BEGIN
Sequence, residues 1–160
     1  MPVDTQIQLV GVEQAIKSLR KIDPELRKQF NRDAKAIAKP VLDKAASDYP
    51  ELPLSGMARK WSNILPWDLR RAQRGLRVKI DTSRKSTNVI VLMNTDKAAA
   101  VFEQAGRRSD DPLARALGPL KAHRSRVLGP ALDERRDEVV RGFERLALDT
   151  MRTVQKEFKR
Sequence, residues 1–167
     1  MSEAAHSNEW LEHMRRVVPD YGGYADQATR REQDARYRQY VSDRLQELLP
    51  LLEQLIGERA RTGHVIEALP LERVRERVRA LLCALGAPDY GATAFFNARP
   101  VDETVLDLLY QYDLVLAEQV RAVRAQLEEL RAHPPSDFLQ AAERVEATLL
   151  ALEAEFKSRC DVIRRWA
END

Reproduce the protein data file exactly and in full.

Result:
Sequence, residues 1–160
     1  MPVDTQIQLV GVEQAIKSLR KIDPELRKQF NRDAKAIAKP VLDKAASDYP
    51  ELPLSGMARK WSNILPWDLR RAQRGLRVKI DTSRKSTNVI VLMNTDKAAA
   101  VFEQAGRRSD DPLARALGPL KAHRSRVLGP ALDERRDEVV RGFERLALDT
   151  MRTVQKEFKR
Sequence, residues 1–167
     1  MSEAAHSNEW LEHMRRVVPD YGGYADQATR REQDARYRQY VSDRLQELLP
    51  LLEQLIGERA RTGHVIEALP LERVRERVRA LLCALGAPDY GATAFFNARP
   101  VDETVLDLLY QYDLVLAEQV RAVRAQLEEL RAHPPSDFLQ AAERVEATLL
   151  ALEAEFKSRC DVIRRWA